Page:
27 Nov Pumpkin Pandemonium
When I was a girl, every autumn I would spend hours choosing which character I wanted to carve into my pumpkin. However, pumpkins have other uses than just decoration; They are a delicious and nutritious squash that you can add to your breakfast, lunch or dinner.
According to the USDA Nutrient Database, 1 cup of raw 1-inch cubed pumpkin contains 30 calories, 8 grams of carbohydrates, and 1 gram of fiber. It’s an excellent source of vitamin A, providing close to twice the daily recommended amount. It’s also a good source of vitamin C and potassium. But don’t forget about the seeds! Pumpkin seeds contain calcium, magnesium, zinc, and vitamin E.
How To Enjoy Pumpkin
When pumpkin is not in season, you can buy canned pumpkin puree to whip up your favorite muffin, donuts, or pancake recipe. However, these babies are now in season, so you can make your own puree and roast the seeds too. Medium to small pumpkins like sugar pumpkins are the best to do so, as opposed to those large Jack O Lanterns.
Start the process the same way you would if you were carving your pumpkin; simply cut around the stem, scrape out the insides and seeds (separate the seeds and put them on a baking tray), then cut the pumpkin in half, drizzle with olive oil, salt and pepper and roast for about 45 minutes (varies depending on size and type of pumpkin) at 400 °F.
To prepare the seeds, let them dry out overnight, drizzle with salt and pepper and roast for 30-45 minutes, or until golden, at 300 °F.
Use the roasted pumpkin as a side dish or add to black bean burgers, risotto, or puree into a soup. The seeds make a healthful snack or add to your favorite salad or trail mix.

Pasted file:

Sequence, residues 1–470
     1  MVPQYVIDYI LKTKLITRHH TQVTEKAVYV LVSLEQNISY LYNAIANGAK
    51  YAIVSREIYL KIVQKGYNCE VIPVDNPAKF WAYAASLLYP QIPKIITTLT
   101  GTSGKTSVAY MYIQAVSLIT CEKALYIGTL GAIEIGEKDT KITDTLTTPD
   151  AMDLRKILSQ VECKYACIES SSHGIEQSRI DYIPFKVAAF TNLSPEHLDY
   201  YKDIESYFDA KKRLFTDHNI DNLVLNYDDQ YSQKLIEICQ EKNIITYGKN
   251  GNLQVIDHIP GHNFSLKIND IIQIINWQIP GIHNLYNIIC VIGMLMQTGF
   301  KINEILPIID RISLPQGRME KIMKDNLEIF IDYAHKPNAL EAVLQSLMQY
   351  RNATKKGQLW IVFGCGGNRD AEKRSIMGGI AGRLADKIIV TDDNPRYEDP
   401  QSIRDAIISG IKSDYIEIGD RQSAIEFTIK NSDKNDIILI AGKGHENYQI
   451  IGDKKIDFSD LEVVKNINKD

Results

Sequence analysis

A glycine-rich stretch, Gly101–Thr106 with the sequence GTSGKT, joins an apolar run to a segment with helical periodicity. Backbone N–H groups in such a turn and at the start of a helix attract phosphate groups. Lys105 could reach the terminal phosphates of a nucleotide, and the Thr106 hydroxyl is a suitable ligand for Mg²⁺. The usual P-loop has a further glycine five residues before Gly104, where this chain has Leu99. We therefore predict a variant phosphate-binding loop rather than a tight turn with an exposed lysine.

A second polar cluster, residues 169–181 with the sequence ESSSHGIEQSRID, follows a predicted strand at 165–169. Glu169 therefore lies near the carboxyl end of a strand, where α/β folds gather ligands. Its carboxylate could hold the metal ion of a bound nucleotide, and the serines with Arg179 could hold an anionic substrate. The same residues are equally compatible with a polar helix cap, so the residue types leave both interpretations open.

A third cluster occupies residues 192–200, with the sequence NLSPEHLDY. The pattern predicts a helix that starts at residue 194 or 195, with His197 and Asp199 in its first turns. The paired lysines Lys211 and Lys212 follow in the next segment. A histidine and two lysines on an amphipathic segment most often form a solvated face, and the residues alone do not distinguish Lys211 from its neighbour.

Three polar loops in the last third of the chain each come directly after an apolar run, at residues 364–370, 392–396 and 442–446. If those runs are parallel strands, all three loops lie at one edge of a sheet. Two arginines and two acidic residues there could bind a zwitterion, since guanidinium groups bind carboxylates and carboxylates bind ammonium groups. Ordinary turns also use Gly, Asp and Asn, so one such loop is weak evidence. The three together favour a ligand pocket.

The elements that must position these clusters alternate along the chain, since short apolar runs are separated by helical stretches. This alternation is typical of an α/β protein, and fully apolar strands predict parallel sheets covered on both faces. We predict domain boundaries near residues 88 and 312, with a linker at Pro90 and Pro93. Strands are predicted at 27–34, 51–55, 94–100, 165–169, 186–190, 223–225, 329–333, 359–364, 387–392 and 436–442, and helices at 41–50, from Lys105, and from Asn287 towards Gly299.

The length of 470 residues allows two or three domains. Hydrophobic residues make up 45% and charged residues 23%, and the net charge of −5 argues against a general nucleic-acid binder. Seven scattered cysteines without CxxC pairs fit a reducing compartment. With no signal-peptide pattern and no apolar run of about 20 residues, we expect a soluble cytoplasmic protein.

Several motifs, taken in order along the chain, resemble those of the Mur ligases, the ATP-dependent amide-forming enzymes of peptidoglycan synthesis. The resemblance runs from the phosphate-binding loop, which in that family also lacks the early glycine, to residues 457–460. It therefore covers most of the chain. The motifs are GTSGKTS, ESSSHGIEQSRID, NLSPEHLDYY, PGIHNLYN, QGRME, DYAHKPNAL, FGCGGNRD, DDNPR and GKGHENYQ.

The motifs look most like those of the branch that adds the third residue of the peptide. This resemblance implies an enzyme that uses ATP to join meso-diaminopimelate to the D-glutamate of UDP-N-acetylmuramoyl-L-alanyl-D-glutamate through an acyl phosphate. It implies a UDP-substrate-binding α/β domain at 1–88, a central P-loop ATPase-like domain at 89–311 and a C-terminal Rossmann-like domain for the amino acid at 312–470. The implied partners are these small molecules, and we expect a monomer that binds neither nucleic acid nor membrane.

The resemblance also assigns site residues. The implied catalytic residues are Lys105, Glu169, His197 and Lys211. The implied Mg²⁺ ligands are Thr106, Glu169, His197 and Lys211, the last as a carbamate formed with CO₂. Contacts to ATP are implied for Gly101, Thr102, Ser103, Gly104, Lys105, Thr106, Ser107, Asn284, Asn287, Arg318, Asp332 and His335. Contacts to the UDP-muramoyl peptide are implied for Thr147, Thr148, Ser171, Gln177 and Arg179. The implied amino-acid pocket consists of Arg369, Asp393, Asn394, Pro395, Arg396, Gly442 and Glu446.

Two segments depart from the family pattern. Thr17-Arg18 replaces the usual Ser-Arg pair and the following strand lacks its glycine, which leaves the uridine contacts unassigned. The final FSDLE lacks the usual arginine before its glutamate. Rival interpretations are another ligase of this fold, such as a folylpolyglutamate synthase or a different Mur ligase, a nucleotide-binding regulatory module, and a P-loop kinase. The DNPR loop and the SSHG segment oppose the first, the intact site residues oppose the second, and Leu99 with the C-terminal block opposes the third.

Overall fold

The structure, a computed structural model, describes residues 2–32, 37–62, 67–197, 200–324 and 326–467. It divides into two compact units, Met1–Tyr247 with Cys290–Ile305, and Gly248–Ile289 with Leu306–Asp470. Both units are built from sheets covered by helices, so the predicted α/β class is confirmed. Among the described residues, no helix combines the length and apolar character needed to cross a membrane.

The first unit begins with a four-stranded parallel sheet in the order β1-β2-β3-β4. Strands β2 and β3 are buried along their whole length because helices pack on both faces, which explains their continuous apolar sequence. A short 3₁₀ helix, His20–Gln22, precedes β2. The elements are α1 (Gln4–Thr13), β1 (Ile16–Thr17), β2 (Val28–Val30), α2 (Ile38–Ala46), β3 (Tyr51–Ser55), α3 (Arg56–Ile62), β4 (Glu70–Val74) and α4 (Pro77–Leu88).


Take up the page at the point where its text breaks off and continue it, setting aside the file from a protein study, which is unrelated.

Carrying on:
Pumpkin Recipes to Try:
Lexi’s Pumpkin Muffins
1 ½ cups whole-wheat pastry flour
1 teaspoon baking powder
1 cup of solid-pack canned pumpkin puree
1/3 cup vegetable oil
2 large eggs
Heaping ½ teaspoon of cinnamon
1 ¼ cup granulated sugar
½ teaspoon baking soda
½ teaspoon salt
¼ cup Cinnamon-Sugar
1. Preheat the oven to 350 °F. Place liners in muffin tin, and coat with non-stick spray.
2. Whisk together flour and baking powder in a small bowl.
3. In a separate large bowl, whisk together pumpkin, oil, eggs, cinnamon, sugar, baking soda and salt.
4. Add flour mixture to wet ingredients and mix until just combined.
5. Divide batter among muffin cups (3/4 way full), and sprinkle with cinnamon-sugar. Bake until puffed and golden brown and a tester comes out clean (approximately 25-30 minutes).
Alexandra Orlan is a junior dietetics major this fall at the University of Delaware. She hopes to become a registered dietitian and use her passion for food and health to better others’ lives.